A curious op-ed in the New York Times on Yosemite. Curious because it points in one direction for a long time before suddenly screeching to a stop and pointing in another. Leveraging off of the controversy over Confederate monuments and the renaming of some park facilities necessary during a court battle, Daniel Duane recounts the sad history of Native Americans in California in general and in the valley in particular. Readers can anticipate the point: we should abandon the Euro-Americanisms in the park and revert to names the Ahwahneechee used. And indeed he reaches this point only to ask the descendants and relatives of these people what should be done. Their recommendation: get federal recognition for the tribe and cut back on visitation. “Renaming, [Bill Leonard, a descendent of Tenaya] said, ‘is not going to make us feel any better or more important — the reality is, most of us could care less what they call things.'” You get the feeling Duane was asked by some reader or editor to ask these people about their views (much as interviews with descendants of slaves and Confederate generals have appeared) and was given an answer kind of at odds with the thrust of the piece, which he dutifully tacked on.
Anyways, the summary of injustices is fair (Duane fortunately relies on a couple of pretty appropriate references) and something more Americans should be aware of. But he kind of lets the Park Service off the hook, hiding their role behind more generic labels of “park officials” and the “federal government.” Pre-1906 management of the valley by the state allowed the Ahwahneechee to stay in the valley, and while demands for inappropriate “Indian” shows and their menial position in Yosemite Park contrasts with what should have been their place as owners and proprietors of the valley, they were at least considered to be legitimate residents of the place. Federal management systematically marginalized and removed Native Americans; that management was, after 1916, the Park Service. There is something disturbing to most Americans to realize that one of the most highly thought-of groups of public servants did in fact behave in such a manner. And it is distressing to many who call the national parks “America’s Greatest Idea” to recognize that it was prefaced on the exclusion of the peoples who had been there first.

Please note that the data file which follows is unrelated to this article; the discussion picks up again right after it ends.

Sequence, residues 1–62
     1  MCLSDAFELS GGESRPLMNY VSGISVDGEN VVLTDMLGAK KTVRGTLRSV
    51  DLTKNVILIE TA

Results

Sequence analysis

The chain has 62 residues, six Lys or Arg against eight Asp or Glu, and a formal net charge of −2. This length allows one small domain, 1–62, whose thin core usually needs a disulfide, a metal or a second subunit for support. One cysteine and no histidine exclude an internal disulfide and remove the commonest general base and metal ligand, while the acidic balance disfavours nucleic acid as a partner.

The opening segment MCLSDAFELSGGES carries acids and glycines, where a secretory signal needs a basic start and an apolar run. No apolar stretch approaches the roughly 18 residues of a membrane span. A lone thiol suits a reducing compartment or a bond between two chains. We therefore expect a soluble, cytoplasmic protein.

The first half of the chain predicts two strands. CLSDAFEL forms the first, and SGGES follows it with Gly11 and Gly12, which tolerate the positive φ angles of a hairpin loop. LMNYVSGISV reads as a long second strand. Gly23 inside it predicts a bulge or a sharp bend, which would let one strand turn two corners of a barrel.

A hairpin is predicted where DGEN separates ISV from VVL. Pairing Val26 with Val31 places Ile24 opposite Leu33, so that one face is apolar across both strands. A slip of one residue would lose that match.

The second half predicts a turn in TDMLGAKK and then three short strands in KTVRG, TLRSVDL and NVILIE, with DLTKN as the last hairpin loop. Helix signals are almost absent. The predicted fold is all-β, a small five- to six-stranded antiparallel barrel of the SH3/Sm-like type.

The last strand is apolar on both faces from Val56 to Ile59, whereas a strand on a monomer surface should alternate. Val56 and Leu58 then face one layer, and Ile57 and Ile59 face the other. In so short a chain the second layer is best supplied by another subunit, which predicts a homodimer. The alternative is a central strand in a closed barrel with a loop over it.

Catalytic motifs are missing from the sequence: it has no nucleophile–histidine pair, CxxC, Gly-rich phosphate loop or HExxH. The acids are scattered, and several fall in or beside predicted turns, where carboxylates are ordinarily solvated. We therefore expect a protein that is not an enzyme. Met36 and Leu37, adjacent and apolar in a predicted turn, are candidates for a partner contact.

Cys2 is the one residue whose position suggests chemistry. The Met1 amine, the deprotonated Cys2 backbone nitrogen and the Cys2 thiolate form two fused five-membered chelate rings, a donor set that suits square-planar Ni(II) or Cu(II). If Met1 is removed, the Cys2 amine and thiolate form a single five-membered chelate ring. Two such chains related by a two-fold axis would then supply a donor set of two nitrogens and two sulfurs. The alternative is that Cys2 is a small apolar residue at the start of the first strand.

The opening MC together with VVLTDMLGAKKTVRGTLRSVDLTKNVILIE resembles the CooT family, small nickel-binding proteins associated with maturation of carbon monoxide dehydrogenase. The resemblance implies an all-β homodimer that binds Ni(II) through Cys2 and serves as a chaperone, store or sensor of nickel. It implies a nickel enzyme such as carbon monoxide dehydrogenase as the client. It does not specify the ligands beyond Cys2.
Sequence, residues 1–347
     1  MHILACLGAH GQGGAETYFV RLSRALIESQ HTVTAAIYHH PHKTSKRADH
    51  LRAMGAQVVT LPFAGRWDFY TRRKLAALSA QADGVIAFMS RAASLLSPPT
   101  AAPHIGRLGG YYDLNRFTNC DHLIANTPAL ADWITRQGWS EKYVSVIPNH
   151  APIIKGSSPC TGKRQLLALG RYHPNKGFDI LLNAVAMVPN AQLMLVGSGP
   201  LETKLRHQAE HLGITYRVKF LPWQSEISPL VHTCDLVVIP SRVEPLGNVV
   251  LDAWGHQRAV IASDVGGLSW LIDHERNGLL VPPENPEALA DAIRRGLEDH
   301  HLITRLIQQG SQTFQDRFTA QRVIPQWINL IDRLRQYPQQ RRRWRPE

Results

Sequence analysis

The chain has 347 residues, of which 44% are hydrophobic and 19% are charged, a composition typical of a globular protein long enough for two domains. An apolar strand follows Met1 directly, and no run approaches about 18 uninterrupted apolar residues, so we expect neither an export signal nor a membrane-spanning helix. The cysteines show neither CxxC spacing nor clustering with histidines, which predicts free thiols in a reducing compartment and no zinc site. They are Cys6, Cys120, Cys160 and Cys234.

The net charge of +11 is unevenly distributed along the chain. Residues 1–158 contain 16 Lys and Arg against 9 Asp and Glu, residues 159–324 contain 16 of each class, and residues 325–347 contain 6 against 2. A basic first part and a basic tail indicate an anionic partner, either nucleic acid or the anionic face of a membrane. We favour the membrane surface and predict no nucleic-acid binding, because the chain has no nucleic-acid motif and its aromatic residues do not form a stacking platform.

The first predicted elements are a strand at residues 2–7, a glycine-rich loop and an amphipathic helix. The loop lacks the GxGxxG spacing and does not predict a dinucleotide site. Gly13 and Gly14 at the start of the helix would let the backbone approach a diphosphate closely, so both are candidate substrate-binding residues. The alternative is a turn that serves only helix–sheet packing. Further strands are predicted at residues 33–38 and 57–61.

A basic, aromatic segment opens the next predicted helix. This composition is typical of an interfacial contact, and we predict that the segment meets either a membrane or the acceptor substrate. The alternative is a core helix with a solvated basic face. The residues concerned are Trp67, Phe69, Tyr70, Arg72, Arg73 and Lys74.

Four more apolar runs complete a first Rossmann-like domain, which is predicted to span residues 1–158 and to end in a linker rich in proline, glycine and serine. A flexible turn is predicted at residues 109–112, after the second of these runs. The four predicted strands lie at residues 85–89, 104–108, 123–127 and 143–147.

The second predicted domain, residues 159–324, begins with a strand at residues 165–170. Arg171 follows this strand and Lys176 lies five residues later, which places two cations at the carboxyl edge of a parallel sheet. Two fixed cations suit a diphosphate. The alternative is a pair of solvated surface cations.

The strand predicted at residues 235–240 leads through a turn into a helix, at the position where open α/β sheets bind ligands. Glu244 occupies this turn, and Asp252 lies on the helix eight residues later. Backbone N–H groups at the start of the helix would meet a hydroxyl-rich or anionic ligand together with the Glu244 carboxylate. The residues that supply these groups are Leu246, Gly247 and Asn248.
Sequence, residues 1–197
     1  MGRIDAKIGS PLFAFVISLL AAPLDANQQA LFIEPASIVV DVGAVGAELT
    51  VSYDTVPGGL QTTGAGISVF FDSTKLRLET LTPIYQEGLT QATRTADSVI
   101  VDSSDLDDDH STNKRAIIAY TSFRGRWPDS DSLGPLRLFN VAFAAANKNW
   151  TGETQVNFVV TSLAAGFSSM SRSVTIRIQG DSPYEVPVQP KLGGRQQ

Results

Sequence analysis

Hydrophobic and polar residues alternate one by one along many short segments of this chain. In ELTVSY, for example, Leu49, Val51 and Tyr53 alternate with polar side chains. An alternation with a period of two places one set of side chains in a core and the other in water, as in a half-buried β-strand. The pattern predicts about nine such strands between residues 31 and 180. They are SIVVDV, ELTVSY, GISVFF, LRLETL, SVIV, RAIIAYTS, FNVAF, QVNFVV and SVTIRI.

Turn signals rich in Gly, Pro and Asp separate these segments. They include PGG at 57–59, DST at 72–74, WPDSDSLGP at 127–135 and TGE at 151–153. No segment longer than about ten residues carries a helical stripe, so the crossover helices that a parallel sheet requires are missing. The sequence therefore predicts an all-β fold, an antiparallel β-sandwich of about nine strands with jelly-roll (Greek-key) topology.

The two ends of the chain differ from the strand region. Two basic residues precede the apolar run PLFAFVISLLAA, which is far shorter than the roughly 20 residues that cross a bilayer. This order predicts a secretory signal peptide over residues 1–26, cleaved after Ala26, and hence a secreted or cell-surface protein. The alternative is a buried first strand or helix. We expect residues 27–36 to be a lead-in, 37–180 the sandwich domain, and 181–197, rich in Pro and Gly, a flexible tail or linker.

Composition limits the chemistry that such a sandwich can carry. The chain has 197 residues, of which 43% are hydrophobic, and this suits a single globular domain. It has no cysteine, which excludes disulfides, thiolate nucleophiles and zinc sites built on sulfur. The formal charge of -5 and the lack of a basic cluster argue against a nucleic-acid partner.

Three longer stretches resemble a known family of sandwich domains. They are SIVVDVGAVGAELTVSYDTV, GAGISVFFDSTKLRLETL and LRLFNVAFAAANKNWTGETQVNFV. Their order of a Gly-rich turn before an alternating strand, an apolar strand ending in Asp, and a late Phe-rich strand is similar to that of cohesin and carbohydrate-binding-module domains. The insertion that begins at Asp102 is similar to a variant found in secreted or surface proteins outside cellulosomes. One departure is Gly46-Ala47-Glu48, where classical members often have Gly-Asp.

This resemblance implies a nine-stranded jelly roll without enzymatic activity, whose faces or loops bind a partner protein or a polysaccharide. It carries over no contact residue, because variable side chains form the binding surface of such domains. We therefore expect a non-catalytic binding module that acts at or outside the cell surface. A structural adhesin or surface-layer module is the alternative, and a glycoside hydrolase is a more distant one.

Duane also takes a hesitant slap at John Muir, and here GG asks a bit of forgiveness for delving a bit deeper. Read More…
GG has finished reading Mark Kanazawa’a Golden Rules: The Origins of California Water Law in the Gold Rush. It is not light reading (reader should beware that this is part of the University of Chicago’s “Markets and Government in Economic History” series). In a sense, this book seeks to explain through economic theory how water law (and, to a lesser degree, mining law) evolved as the Gold Rush progressed. In some places this provides real insight, and in others it felt like forcing a straitjacket onto history, but the evidence presented is quite interesting.
Basically there are three main datasets mined here: descriptions of mining activity in the Alta Californian, mining camp rules, and California legal cases. As an economic historian, Kanazawa is clearly hoping for some quantitative data to sink his teeth into, and so the intent is to see trends over the whole of the goldfields. As such, he is hoping that the record in the Alta Californian and in the available mining camp codes are not biased by the newspaper’s editorial slant or the fragmented record of the early mining camps.
With these in hand and the writer’s interest in economic history, the text generally explores a number of particular cases that suggest general trends, substantiates these with an overview summary analysis of the evidence, and then interprets this in terms of economic theory. For the general reader, the economic arguments can seem to wander into unfamiliar terminology rather too quickly, but the remainder of the book is very accessible. Given that the water rights that emerged from California have come to dominate the West, this is an important work if you want to understand resource law in the West.